Today, with fears of bloated valuations, a rocky stock market and the worst IPO climate since the financial crisis of 2008, startups are coming down from the clouds. And to woo venture capitalists, they are talking about profitability and high gross margins to prove they are building sustainable businesses — not just sexy ones.

“Bottom line is that entrepreneurs and investors alike have discovered that gravity exists after all,” said Robert Ackerman Jr., managing director and founder of Allegis Capital.

Reflecting a more sober Silicon Valley, at least a dozen Bay Area startups have cut costs by laying off staff since November. Others in the saturated on-demand industry, like San Francisco’s Zirx, are changing their focus. And a few have simply shut down, with Berkeley-based SpoonRocket becoming the latest victim.

Those changes are signs of healthy market correction after years of frenzied overspending, said Paul Boyd of San Francisco-based wealth management firm ClearPath Capital Partners. But that doesn’t mean they’re not painful — for everyone. As startups spend less, the slowdown will be felt in other areas as well, he said.

“It’s almost like ink,” Boyd said, “it’s going to slowly spread.”

His team keeps a close eye on the VC and startup ecosystem as an indicator of the health of the overall economy. Right now, the signs aren’t pointing in a positive direction.

Venture capital funding in the U.S. dropped by about 30 percent in the fourth quarter of 2015 compared with the quarter before, according to the MoneyTree Report by PricewaterhouseCoopers and the National Venture Capital Association. Meanwhile, IPO activity has all but dried up. The cash raised by IPOs in the first quarter of 2016 was down almost 90 percent from the quarter before, according to data from Renaissance Capital, and only eight companies went public. The only Silicon Valley offering was a Burlingame pharmaceutical company.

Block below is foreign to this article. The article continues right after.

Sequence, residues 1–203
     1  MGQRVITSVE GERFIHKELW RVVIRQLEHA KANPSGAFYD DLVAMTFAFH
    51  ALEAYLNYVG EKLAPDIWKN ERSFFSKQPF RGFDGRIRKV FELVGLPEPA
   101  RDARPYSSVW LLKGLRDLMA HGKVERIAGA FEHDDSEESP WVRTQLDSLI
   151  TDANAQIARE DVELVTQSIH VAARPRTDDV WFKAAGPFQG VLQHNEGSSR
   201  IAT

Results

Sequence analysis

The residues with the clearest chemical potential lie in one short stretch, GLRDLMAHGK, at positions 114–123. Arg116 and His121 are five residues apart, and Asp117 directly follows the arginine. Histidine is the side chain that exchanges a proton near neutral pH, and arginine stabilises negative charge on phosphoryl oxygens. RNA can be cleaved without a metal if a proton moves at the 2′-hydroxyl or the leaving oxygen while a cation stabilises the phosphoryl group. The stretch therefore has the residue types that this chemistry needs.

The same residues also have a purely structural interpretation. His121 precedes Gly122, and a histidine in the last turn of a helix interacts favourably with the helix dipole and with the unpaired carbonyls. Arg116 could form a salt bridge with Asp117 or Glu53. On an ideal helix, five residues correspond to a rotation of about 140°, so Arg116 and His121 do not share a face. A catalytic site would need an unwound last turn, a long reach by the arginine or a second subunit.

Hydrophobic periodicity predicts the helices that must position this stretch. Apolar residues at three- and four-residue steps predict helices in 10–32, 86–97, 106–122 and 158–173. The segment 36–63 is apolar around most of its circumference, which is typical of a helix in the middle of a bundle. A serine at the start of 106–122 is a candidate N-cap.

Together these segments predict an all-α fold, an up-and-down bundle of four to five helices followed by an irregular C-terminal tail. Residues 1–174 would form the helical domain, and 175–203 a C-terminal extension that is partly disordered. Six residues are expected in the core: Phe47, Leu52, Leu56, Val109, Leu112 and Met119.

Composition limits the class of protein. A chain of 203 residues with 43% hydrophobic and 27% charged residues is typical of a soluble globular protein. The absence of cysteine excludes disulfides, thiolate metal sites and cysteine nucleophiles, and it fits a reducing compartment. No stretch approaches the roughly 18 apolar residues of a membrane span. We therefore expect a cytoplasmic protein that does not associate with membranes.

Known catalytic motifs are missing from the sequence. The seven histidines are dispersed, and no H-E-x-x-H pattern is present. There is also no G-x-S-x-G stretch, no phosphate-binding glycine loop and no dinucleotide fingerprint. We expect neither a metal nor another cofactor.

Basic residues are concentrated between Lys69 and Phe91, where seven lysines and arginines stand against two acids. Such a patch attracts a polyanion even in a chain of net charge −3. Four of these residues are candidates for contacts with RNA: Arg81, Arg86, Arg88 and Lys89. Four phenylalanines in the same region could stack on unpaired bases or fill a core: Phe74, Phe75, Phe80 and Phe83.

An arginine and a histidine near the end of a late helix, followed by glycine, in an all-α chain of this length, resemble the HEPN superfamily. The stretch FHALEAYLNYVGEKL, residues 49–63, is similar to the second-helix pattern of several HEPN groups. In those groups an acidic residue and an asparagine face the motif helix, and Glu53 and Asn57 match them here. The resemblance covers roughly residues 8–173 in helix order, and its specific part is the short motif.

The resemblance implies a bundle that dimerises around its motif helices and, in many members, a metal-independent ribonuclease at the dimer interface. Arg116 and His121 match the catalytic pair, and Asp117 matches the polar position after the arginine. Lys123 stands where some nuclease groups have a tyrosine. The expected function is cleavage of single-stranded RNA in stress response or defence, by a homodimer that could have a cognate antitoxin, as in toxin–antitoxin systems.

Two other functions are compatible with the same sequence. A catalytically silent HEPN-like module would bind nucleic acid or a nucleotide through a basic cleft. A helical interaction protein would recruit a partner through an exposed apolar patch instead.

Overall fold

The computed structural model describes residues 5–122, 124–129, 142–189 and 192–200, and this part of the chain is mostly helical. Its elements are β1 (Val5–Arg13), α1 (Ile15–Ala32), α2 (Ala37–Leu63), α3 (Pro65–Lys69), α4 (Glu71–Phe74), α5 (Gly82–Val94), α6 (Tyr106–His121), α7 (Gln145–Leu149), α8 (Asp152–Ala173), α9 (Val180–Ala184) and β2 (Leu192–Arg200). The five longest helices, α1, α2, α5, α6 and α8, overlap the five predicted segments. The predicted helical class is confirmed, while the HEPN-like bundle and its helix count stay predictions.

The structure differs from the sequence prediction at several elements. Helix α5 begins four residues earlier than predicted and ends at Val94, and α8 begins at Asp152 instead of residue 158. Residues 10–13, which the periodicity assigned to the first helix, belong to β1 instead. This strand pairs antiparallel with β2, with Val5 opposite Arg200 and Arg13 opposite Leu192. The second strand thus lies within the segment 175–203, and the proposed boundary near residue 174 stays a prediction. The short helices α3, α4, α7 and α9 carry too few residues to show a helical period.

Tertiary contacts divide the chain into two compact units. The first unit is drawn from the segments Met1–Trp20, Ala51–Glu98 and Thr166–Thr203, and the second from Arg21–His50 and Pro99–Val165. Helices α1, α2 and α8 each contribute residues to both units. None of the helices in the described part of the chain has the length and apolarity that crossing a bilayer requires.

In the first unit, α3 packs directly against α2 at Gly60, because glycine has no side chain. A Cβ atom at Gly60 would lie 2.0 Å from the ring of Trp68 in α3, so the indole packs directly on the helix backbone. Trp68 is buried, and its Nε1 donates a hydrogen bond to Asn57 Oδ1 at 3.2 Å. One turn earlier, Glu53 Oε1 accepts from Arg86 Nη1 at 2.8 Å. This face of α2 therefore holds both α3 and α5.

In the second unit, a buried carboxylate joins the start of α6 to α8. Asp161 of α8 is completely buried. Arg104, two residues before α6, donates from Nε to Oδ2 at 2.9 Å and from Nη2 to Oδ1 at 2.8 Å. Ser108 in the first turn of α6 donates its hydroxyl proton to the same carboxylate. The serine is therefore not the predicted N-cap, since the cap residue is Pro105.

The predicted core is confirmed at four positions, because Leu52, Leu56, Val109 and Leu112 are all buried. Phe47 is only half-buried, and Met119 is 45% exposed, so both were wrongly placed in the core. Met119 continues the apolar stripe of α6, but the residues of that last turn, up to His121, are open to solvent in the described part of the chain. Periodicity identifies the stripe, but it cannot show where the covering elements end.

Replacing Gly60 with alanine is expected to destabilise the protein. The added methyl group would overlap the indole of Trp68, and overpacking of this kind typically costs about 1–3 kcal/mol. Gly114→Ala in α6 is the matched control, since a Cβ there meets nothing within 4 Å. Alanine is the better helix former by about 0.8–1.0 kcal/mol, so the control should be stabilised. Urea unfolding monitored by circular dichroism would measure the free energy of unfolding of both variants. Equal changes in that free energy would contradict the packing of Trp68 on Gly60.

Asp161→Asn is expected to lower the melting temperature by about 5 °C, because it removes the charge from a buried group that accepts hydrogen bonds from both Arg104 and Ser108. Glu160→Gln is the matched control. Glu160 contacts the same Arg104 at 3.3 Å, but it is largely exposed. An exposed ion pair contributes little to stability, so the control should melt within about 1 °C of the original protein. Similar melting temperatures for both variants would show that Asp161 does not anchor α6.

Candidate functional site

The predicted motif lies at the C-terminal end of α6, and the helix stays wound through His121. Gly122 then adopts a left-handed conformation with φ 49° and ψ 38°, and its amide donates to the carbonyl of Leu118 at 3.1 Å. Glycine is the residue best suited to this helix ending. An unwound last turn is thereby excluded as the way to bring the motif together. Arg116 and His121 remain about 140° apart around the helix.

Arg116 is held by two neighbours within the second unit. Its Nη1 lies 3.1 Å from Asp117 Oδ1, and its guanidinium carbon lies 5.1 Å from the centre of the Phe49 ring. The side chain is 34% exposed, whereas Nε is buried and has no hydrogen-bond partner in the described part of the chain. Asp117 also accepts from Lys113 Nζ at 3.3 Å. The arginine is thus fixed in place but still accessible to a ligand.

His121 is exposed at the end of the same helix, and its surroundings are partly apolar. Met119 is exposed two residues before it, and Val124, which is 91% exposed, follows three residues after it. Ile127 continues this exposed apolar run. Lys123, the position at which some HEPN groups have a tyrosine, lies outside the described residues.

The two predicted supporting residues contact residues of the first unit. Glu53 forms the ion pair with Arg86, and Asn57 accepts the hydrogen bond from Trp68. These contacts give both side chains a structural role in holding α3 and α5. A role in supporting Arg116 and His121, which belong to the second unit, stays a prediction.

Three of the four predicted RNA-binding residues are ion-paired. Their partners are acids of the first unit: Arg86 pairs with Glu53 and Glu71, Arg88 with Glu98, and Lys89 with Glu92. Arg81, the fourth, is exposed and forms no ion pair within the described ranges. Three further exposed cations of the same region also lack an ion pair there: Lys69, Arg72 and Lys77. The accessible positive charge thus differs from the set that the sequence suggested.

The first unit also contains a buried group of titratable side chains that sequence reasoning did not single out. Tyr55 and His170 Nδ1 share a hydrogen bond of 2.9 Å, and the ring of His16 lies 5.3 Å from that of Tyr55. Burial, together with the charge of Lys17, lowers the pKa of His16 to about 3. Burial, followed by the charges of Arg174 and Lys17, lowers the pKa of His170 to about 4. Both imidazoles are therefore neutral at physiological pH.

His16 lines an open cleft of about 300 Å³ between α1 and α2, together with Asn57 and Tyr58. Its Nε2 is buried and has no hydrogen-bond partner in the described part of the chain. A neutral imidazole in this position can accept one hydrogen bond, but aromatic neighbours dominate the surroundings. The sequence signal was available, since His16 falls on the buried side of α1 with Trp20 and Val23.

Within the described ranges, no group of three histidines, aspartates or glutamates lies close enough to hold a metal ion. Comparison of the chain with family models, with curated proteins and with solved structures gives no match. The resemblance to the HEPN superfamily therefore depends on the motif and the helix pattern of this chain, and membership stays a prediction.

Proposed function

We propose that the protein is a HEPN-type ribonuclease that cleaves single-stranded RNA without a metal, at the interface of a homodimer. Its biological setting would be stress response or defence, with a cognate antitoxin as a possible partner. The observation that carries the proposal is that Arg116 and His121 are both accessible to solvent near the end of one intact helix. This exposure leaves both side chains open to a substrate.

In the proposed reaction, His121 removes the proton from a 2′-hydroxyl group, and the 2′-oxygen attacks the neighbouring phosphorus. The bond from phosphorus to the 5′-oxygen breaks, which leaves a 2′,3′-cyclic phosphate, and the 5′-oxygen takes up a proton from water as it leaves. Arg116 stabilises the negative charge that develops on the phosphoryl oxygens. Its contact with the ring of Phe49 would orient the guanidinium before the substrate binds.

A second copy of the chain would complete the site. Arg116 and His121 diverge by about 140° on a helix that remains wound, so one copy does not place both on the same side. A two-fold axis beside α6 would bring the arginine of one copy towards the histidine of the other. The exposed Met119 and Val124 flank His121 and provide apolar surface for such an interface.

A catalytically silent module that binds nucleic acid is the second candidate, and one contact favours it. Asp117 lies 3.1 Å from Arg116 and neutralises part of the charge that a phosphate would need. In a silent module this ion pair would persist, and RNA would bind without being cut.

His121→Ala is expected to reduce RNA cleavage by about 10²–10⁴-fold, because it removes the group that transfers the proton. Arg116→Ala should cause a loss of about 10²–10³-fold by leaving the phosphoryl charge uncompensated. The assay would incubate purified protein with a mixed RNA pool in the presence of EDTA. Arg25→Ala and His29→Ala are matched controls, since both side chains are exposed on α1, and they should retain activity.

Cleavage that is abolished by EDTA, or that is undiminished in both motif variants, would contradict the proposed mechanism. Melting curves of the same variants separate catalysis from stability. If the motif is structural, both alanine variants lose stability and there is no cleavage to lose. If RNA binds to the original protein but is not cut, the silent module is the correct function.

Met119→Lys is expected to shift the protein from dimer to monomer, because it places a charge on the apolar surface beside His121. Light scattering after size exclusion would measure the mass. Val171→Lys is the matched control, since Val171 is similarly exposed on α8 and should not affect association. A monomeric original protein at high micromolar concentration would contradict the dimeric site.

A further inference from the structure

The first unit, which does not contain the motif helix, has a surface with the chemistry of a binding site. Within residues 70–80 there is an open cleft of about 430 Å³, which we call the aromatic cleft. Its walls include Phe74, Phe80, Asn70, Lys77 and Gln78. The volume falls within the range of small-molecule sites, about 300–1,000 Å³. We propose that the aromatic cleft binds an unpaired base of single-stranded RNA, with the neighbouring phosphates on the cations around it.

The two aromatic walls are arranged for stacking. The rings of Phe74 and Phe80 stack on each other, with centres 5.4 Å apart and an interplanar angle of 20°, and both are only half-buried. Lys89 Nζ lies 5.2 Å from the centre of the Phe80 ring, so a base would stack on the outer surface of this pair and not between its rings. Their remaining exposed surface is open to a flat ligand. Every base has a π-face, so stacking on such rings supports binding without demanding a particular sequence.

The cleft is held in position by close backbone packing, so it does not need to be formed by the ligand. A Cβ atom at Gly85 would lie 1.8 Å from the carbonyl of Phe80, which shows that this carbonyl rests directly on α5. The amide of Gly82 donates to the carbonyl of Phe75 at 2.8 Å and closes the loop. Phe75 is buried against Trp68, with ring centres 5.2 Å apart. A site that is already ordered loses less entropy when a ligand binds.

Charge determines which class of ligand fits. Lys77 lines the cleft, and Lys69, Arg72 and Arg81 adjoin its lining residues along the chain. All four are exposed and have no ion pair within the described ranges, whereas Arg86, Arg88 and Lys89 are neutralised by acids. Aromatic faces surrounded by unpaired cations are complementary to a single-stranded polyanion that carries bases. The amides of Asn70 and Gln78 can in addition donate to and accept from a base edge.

Last month Optimizely, which helps companies test and improve their websites and mobile platforms, announced it was laying off 40 people, or 10 percent of its team. Despite raising more than $146 million in funding from some of Silicon Valley’s most prestigious venture capital firms, the company was struggling to break even. In a blog post announcing the layoffs, CEO and co-founder Dan Siroker pointed to a “wake-up call” in February when public cloud companies collectively lost $28 billion in market value in one day, signifying that “the market has clearly shifted.”

Insurance software startup Zenefits announced it cut 250 jobs in February, after revelations that some of the company’s employees were selling insurance without a license. The company, which sells health insurance and provides companies with software to manage employee benefits, once had been revered as the software industry’s fastest-growing startup. In two years the company ballooned from 15 employees to 520, and CB Insights reports it’s now valued at $4.5 billion.

“It’s no secret that Zenefits grew too fast, stretching both our culture and our controls,” CEO David Sacks wrote in an email to employees announcing the layoffs.

Other San Francisco companies that reportedly cut staff in recent months include wearable tech company Jawbone, mobile and web analytics company Mixpanel, dating website Zoosk and Practice Fusion, which digitizes health records. Jumio, a Palo Alto-based credit card authorization company, announced last month that it’s filing for bankruptcy and selling its assets.